1.- Not all patterns are equal.  You have to know what you want. If you want something simple and basic and not really much style- then those old Skipper patterns put out by the big pattern maker’s whose patterns you will find at all the fabric stores, will do just fine.  If you wanting something more detailed, with set in sleeves or cuffs,  and tucks, and collars and pizzazz, well…. Those patterns aren’t going to get you there.  And that is one reason most people are drawn to Blythe in the first place is because of  the fantasic wardrobe that she seems to crave. If that is what you want too, then I would suggest checking out the Dolly Dolly Japanese downloads.  These are my #1 favorite patterns that I’ve found so far.  I found them on etsy. They are called by a couple differnt names but if you search for Dolly dolly pattern books on etsy, they will come up. Each big book has several innovative fashions for blythe(as well as several other poplar dolls).  They run from about $3.80 to $6 for each book, or pdf file download which has quite a few patterns, with about 120 pages in each download. Although they are all in Japanese, they have pictured illustrations and arrows telling you the order of sewing, as well as the patterns which are very easy to print off. So, for a dress pattern, they will be a  picture of a dress and it will point to the lace attached to the ruffle at the bottom of the dress  and name it (1) indicating to sew that on first then point to the seam between the ruffle and the skirt of the dress and name it (2), indicating to do that next and so on.  You would simply have to “know” that before sewing on the ruffle you would need to ‘gather’ the edge of the ruffle. The items that I made so far turned out lovely and fit wonderfully.  You WOULD need some prior knowledge of sewing garments and know what a sleeve and a bodice looked like in a pattern and generally how they are put together to use these.   The seams in their patterns do NOT appear to be quite 1/4 inch, so if you are uncomfortable with that then  you will need to add a bit when copying them or cutting objects out. And most  of the time it does not appear that they line the garments, or enclose seams, or have facings, so if that is more your style, you will need to modify that as well.  But as far as variety of style and design- these patterns are WONDERFUL!  I love them.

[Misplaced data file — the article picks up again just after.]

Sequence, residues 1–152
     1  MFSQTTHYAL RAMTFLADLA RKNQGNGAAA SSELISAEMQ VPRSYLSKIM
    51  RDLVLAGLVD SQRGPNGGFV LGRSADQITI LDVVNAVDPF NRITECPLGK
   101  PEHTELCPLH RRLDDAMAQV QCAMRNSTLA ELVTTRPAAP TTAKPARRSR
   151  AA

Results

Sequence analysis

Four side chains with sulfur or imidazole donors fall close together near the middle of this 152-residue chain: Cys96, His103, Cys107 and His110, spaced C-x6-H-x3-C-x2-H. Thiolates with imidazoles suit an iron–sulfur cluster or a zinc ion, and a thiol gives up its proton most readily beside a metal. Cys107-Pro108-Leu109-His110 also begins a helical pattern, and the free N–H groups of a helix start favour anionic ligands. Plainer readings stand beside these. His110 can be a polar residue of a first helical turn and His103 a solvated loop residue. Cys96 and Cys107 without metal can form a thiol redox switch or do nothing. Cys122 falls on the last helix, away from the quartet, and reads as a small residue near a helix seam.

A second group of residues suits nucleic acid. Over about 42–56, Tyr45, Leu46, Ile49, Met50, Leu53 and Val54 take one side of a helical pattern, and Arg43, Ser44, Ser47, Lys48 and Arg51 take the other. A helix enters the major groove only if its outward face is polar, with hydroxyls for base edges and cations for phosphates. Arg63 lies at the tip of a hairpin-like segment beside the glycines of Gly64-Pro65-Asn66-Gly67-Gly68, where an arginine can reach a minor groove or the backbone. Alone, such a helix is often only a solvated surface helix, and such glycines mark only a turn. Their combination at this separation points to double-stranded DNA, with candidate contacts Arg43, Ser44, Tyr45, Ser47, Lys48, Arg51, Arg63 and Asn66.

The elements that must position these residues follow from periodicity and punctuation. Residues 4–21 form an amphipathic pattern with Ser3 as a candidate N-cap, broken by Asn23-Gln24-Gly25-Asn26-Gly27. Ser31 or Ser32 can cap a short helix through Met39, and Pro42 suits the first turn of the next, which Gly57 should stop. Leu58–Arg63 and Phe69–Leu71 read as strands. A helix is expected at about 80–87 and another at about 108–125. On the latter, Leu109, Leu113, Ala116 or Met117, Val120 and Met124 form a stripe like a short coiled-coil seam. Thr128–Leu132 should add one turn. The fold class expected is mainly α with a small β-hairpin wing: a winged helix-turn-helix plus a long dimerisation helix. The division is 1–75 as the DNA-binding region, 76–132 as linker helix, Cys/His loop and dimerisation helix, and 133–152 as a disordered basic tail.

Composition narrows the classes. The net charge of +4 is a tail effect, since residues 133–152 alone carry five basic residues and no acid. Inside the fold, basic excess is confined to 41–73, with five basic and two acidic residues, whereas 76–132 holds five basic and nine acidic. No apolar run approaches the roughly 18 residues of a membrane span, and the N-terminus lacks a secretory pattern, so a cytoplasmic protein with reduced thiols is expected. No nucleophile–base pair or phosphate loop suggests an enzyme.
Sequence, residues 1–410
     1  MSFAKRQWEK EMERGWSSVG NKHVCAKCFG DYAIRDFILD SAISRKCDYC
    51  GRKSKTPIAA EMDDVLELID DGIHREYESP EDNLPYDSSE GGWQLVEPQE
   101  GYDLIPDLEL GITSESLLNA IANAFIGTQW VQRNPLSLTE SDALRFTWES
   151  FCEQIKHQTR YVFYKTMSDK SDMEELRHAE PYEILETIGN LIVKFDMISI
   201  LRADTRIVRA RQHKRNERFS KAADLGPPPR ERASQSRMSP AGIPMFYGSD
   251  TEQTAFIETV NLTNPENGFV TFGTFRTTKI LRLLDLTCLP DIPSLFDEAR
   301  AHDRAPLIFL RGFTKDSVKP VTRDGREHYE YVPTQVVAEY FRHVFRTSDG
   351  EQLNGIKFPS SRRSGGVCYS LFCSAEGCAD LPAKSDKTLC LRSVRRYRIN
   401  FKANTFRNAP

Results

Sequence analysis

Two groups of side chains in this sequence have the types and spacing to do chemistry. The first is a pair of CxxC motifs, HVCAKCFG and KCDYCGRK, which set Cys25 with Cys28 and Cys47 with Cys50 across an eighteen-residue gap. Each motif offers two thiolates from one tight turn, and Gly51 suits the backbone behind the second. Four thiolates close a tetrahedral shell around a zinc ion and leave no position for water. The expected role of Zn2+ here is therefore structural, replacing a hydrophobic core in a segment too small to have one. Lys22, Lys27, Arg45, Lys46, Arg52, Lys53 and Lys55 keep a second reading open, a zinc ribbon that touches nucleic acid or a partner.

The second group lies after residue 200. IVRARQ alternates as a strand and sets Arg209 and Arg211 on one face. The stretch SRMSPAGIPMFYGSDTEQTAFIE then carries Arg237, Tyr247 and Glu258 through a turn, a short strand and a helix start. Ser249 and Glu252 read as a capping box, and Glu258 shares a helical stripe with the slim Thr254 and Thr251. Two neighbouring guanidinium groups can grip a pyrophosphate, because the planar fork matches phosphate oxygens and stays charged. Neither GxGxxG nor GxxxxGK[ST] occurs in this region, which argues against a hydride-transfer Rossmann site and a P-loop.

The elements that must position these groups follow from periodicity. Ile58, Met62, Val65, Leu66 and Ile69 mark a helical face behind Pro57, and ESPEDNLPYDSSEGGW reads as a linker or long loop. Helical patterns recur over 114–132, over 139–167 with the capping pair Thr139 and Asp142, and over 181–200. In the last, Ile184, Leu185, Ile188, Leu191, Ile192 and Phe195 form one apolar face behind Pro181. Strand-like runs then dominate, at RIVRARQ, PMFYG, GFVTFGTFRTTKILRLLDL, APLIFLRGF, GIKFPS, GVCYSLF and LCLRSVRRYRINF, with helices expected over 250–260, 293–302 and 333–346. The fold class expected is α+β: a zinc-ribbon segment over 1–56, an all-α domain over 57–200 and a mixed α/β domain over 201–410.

2. I spent the entire day trying to recreate a peasant style, elastic neckline, puffed sleeve, and elastic empire wasted-dress from the 70’s era. Five tries. All with some little error, making them unusable. Very frustrating. I started with the basic pattern for the dress(not from the ebooks referred to above) ,  but one of the ‘major’ pattern makers. One of the biggest obsticals to my tries was the elastic. Cord Elastic  was not a good choice as far as making the gathers look nice and even and sewing in the cord at the ends was a nightmare as the cord elastic kept rolling. Several times it popped away from the sewing and then I was fishing for the elastic end in the seam and not being able to retrieve it.  So I tried thinnner round elastic. It broke.  I tried several strands of thinner elastic together. It still broke. The material I was using wouldn’t gather nicely around the neck and sleeves, it was too stiff.  I became impatient.  The minute this happens, my machine thread  always breaks. Every time. I finally discovered that the cord elastic just wasn’t working- so I went to the store and got the 1/8 size braided elastic. It worked like a charm.  Could have saved me at least some of the heart ache today if I’d have figured that out sooner.  That and a proper tool for pulling elastic through casings. (Mine was broke and kept snagging on the inside of the casing causing more impatience.)

So, the right pattern, the right materials, the right tools- all very important.

After 5 attemps and not one dress that fits the way I wanted it too, I put it on the back shelf and tried one of the cute patterns from the Dolly dolly pdf files. It was a baby doll top with  a bra style bodice and spagetti straps and bloomerish shorts. I made mine as pj’s although one’s choice of fabric and lace and whether or not one puts elastic in the hem of the shorts would change the look considerably.

Exhausted, but I learned alot today and had a great time doing it. But it’s already tomorrow(past midnight) and sleep I must.



  • Oh, MY! I’m hooked.  I’ve been waiting now since  February 13th(the date I ordered the first doll).  And today is March 20th. Funny thing though, the one that arrived is the one I ordered on March 2nd. = So She only took 18 days from order to arrival. The first one I ordered still has not arrived although it’s tracking says that it is now in the country. And to add to the mystery.  They were both ordered from Blythe Homes on Aliexpress, and both the same price of $50.

So here she is, in all her Moonlit Glory- she came with a name tag that says Moonlight. But I keep calling her Moonshine instead. I’m afraid she’s stuck with Moonshine. I’m really hard to train.

I chose some fabrics to make her dresses. For now she’s in a house frock, and looking as if she’s feeling all shy and out of place, though I’m trying to make her as comfortable as I can.

I’m wondering if she’s heard that she came to this country not only for adoption but also for an operation, i.e. that I was planning on changing her smile? And  I wonder if she  also knows that she looks so great just the way she is that it’s going to be way beyond hard to even think of changing her. Maybe when the next girl arrives I’ll feel differently.  Wow! Who knew?  I certainly never thought that I could like a doll this much. Is this what crazy feels like?